Parish Pastoral Administrator





In recent decades, there has been a renewed emphasis grounding Church ministry, both lay and clerical, in the sacrament of Baptism. The Church teaches that there is an essential difference between the priesthood of the faithful and the ordained priesthood, and yet, there is a special way in which ordained and lay ecclesial (church) ministers share in the one priesthood of Jesus Christ. 

As envisioned by the Second Vatican Council, we trust that the Holy Spirit is leading our diocese in the collaborative form of ministry embedded in the Church's foundational missionary days. As St. Paul reminds us, "There are different gifts but the same Spirit; there are different ministries but the same Lord... You, then, are the body of Christ. God has set up in the Church, first apostles, second prophets, third teachers, then miracle workers, healers, assistants, administrators..." (1 Cor. 12: 4-5; 27-28).

As noted in the Journey in Faith and Grace, our diocese has experienced, and is projected to continue to experience, a significant decline in the number of priests available to serve as pastors in the parishes of our diocese. In the next five years, according to current policy, 78 priests will be eligible for retirement. To replace these priests will require 15 or more ordinations per year. In light of this, promotion of priestly vocations remains a priority for this diocese.

In light of these considerations, and after consultation with the vicars forane, the Presbyteral Council, the Diocesan Pastoral Council, the Chancery staff, and others, I have decided to formally introduce into our diocese, the ministry of the Pastoral Administrator. In doing so, I have appointed a task force to assist in the full implementation of this ministry in some parishes of our diocese.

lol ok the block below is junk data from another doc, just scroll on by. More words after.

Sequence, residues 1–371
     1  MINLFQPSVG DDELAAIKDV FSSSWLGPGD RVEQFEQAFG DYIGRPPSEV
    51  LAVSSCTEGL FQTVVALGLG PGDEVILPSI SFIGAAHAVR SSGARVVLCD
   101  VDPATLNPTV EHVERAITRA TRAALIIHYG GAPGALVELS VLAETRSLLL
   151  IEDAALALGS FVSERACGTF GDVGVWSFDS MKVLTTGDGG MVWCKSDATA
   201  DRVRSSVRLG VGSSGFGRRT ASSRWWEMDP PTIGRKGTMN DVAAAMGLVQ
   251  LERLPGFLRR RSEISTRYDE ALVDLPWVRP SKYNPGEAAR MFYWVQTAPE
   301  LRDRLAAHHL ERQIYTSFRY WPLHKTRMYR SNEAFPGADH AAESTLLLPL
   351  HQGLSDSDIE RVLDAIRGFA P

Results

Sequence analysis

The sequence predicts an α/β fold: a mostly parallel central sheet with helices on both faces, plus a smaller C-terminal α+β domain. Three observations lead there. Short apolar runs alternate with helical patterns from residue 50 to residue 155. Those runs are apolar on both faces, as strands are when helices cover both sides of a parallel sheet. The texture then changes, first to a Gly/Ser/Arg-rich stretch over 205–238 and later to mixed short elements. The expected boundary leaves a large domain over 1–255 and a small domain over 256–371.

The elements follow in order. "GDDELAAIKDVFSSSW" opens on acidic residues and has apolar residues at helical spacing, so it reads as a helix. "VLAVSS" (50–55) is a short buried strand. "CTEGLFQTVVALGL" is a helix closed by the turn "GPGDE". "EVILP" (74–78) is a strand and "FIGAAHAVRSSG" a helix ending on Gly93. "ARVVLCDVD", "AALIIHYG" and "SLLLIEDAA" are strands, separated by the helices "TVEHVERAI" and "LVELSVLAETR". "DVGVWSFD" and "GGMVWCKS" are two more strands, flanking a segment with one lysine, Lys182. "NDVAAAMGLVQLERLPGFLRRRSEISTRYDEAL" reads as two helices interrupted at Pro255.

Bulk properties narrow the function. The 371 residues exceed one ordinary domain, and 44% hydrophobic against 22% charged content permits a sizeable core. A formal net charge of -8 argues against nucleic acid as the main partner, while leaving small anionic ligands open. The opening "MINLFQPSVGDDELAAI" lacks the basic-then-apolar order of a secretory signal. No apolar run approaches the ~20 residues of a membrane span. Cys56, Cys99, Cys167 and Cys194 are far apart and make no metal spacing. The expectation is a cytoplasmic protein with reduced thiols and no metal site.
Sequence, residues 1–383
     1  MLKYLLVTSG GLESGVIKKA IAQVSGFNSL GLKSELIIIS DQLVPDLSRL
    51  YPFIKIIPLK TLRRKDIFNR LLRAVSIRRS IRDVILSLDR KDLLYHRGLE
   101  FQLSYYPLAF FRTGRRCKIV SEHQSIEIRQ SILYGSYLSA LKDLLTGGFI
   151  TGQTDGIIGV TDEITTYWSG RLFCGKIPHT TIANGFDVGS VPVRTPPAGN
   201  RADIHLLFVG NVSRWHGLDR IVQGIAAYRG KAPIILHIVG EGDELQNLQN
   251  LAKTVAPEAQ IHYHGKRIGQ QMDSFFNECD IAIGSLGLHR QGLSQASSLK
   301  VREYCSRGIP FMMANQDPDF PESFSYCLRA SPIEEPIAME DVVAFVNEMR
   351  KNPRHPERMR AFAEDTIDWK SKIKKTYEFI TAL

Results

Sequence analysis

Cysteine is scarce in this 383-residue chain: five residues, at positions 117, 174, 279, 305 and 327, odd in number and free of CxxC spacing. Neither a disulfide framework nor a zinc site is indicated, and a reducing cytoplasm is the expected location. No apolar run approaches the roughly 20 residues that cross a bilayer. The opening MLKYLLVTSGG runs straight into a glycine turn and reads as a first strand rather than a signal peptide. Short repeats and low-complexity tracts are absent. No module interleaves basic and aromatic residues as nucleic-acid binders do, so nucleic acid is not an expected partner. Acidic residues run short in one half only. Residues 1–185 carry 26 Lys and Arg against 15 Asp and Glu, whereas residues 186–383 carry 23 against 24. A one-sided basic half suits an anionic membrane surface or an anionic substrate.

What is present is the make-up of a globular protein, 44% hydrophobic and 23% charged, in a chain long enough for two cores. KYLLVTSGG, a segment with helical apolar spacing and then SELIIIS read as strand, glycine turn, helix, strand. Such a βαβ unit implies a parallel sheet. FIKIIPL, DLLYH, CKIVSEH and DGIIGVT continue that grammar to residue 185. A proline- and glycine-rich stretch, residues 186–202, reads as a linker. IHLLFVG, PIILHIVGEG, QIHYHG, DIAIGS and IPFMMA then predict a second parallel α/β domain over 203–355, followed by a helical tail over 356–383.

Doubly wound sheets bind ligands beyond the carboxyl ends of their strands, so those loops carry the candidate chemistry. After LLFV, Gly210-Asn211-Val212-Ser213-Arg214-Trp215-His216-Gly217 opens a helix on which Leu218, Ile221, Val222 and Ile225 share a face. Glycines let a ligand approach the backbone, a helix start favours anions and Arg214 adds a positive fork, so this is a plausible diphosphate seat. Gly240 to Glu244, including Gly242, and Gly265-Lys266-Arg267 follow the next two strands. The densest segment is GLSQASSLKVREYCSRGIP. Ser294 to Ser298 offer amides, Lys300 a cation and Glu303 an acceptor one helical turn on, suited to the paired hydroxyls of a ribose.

The pastoral administrator is a professional minister, appointed by the diocesan bishop and installed by a vicar forane, to lead and officially administer a parish community without a resident pastor. The primary relationships of the pastoral administrator are to the diocesan bishop through the priest moderator, sacramental minister, staff, pastoral and finance councils, and parish community. 

The role of the pastoral administrator, whether a permanent deacon, religious, or lay person, ensures that the ministries of Word, Worship, and Service are functioning well. The pastoral administrator is in charge of a parish and is accountable to the diocesan bishop through the priest moderator and works collaboratively with the priest moderator, the sacramental minister, and parish staff. 

As we look to alternative types of staffing for pastoral leadership in our parishes throughout the eight counties of Western New York, may the ministry of the pastoral administrator in our diocese assure that our parishes can and will continue to be vital communities of faith and ministry.


Applicants for the ministry of parish pastoral administrator are required to complete the application process which is coordinated by the Office for Evangelization and Parish Life.  Applicants must have a graduate degree in theology or ministry, and a minimum of three years of experience in parish leadership, including personnel management, program administration and pastoral care.  In most cases this implies a full-time, professional leadership position in a parish.  In addition, applicants must complete the diocesan orientation course. 


Applicant Resources:

Application for Pastoral Administrator

Recommendation Form

Instructions for Application and Reference Form

Personal Release of Information Authorization Form

HIPAA Authorization Form


Parish Resources:

Annual Compensation for Pastoral Administrator 2018

Rite of Installation for Parish Pastoral Administrator

Relationship of Priest Moderator with Pastoral Administrator

Relationship of Priest Sacramental Ministers with Pastoral Administrator

Effective Leadership Transitions - Tips and Traps


General Resources:

Ministry of Pastoral Administrator - Informational Brochure

Ministry of Pastoral Administrator - Guidelines